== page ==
High personal costs are often accompanied by unimpressive pay for gig workers. Although a top-performing delivery or rideshare driver can theoretically bring in over $1,000 per week, this is liable to demand long hours and no off days due to the nature of the market. Of course none of the money totals are guaranteed like a regular worker’s paycheck, so the pressure level can be astronomically higher, leading to mental health issues. Tie everything to the need to maintain one’s own car, and the picture becomes solidly grimmer.

The other issue with gig mania is the propensity for the leading firms to suppress individual freedoms. While Uber and Lyft have long been heralded as a way for the market to beat back the corrupt taxi union cartels and their big government supporters, they also permit a few silicone nerds to control service access. Uber itself recently admitted to banning 1,250 riders from the app for not observing corona mask restrictions. That’s over a thousand people who can no longer use the taxi service because their name and info has been blacklisted, and doesn’t include the political figures banned from their cars as well. A traditional cab would allow you to pay in cash, hence even those marked for derision would have the option to ride.  

So yes, decentralization has granted us enhanced freedoms, but in a twisted, cynical way. No longer must we tangle with the machinations of payroll; instead, one can simply stress and struggle to conserve money before STILL filing taxes amidst those April flowers. Hours are flexible, but so is the ability to even make a living. The greasy, unkempt medallion taxis have been replaced by loyal contract vehicles, but watch what you think, or they’ll pass on by.  

Ahh, the taste of liberty!

Culturalism · investing · Personal Finance · Self-Improvement

How Long Will The Simple Yet Be Mocked?

Sometime back I produced a video concerning the problems entailed by our dalliance with modernity and technological progress. My penultimate suggestion was for people to re-embrace nature, opting for smaller communities with solid values over the cosmopolitan sprawl, or farms instead of NYC apartments. In response, lurid and sarcastic replies bubbled up from the happy Ethernet cords wrapped around the electric maze of the world. They smugly advised, “Practice what you preach,” the comfortable retort that allows irritated lumps to quickly resettle into the brain-destroying digital resort without feeling a call to change.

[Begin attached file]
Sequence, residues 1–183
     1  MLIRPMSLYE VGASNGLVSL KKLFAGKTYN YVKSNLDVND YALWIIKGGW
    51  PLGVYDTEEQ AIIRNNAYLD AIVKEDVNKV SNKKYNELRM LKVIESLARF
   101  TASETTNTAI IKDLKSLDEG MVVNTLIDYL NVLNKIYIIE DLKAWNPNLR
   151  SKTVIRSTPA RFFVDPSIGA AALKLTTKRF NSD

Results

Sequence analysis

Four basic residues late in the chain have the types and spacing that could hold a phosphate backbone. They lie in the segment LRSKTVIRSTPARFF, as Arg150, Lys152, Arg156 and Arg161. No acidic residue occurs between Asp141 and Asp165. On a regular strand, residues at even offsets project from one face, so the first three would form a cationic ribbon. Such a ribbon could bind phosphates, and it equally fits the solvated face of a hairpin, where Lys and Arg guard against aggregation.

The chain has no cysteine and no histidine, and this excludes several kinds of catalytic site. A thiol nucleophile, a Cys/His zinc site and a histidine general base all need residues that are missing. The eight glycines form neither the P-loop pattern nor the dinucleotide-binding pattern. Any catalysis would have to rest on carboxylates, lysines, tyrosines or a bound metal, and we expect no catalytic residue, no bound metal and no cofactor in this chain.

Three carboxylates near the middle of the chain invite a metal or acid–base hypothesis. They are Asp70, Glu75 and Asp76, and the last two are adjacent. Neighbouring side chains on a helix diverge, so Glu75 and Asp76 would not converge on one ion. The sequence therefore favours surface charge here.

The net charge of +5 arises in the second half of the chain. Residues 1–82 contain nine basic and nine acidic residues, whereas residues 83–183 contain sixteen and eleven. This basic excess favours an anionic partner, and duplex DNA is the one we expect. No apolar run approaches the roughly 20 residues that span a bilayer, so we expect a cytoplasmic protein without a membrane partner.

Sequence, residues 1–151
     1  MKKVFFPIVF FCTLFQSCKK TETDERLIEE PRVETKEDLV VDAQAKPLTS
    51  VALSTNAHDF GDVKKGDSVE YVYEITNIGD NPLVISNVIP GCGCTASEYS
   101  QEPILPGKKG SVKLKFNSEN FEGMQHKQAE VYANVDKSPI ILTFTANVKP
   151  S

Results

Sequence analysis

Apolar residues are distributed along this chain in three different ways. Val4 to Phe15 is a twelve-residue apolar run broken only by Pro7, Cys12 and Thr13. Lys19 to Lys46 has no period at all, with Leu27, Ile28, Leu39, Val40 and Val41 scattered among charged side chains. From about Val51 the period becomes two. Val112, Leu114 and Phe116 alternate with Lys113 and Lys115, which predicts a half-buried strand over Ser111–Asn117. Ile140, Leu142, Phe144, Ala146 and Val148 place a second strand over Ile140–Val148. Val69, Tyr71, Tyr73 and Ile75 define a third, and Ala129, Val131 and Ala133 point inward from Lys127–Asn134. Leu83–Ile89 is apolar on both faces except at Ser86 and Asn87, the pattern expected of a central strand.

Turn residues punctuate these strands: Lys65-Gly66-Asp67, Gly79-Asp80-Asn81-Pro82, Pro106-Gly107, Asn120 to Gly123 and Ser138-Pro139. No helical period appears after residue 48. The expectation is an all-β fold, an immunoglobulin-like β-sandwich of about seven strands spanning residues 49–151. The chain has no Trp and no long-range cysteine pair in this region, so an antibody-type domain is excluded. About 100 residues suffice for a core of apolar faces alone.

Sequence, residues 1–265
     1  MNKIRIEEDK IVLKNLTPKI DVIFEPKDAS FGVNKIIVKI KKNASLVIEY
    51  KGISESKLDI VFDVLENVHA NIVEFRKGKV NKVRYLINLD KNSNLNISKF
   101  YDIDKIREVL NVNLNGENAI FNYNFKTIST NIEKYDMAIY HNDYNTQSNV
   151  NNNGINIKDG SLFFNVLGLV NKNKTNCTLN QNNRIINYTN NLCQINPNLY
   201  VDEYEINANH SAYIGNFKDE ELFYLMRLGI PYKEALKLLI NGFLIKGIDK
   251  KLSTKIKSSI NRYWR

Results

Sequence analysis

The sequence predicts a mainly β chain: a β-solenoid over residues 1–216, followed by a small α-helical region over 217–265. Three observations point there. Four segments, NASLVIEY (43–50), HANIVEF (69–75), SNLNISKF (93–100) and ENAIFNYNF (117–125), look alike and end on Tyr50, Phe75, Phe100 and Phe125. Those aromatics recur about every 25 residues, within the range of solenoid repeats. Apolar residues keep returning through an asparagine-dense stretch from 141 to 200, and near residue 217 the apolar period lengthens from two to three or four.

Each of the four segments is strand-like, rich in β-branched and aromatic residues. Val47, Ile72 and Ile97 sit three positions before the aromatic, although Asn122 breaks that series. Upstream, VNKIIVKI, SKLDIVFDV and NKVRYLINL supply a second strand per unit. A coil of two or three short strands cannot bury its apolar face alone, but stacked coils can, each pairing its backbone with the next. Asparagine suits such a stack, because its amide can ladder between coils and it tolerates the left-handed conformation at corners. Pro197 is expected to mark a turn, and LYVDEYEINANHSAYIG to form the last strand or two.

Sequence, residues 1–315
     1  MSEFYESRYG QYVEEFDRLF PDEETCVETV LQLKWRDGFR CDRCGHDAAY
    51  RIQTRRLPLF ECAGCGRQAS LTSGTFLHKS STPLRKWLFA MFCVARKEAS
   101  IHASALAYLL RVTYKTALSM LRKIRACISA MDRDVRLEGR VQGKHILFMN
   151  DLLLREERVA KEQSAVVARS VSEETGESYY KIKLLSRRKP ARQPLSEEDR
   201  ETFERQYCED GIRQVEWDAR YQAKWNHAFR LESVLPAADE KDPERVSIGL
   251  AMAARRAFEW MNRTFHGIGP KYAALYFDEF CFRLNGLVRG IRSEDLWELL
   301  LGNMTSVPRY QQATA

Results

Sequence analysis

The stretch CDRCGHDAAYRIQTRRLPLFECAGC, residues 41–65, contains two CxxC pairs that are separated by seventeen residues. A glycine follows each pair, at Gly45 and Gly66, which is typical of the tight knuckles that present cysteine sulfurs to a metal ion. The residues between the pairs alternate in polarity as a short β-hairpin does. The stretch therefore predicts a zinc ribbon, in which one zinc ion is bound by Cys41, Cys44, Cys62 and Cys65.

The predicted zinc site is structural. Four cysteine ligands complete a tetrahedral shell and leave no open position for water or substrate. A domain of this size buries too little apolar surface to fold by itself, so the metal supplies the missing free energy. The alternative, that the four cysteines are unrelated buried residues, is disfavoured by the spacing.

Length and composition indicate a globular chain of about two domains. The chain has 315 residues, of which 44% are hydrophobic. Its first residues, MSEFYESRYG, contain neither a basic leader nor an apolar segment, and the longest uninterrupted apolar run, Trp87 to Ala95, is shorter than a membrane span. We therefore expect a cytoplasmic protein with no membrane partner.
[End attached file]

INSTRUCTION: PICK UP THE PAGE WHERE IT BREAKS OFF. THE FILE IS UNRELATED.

For the record, I have already made leaps and bounds in the “less-grid” direction. I own a decent plot of land with two well systems, a garden, and a large walnut tree. Composting is a regular practice, and I am gradually shedding processed foods from the dietary plane, in many cases creating consumables from scratch. My skills with crafting clothes by hand are not immaculate, but they improve on the regular.

None of those disclaimers should matter insofar as the thrust of history is concerned, however. Recent reports, which are only surprising to the uninformed and socialist, suggest Wall Street is now delving into futures contracts involving water. The development has tickled many concerned senses because of projected water shortages, with two-thirds of the planet’s population expected to face supply issues by 2025, with many already experiencing the unpleasantness.

Enlightened folks have seen this coming for years. The incessant push for growth, for globalization and free movement of peoples, all in the name of economic profit, can lead but in one direction. As basic natural resources shrink and the gluttonous thirst to build more continues unabated, there will be further attempts to buy up valuable land and lord it over the poorest of creatures. Even the homeless squatter in the woods may find himself litigated out of existence so some sycophantic corporation can expand its quarterly earnings report. The dreaded sludge seeps on.

What can any lone man do? Resist with lifestyle choices. Take your wallet and carefully consider where to settle, hopefully escaping the pollution and scum-populated urban areas for distant peace. If funds are not available for a house, buy the land itself, preferably with access to fresh water. Get a camper or a van to start with. Look into solar and gravity-powered technologies. Learn to cook. Respect natural systems and work to preserve them. Read so you understand the problem.

As for investment options, look into Xylem and PIO as starting points, along with others. The former has experienced a decent run, and I’ve witnessed its penetration on a local basis too. PIO thus far hasn’t wowed anyone, but that could change. Watch out for that pricey expense ratio, which currently clocks in around 0.75%.

More than anything, be prepared to swim, even if you dance amid the sands of a dry wasteland.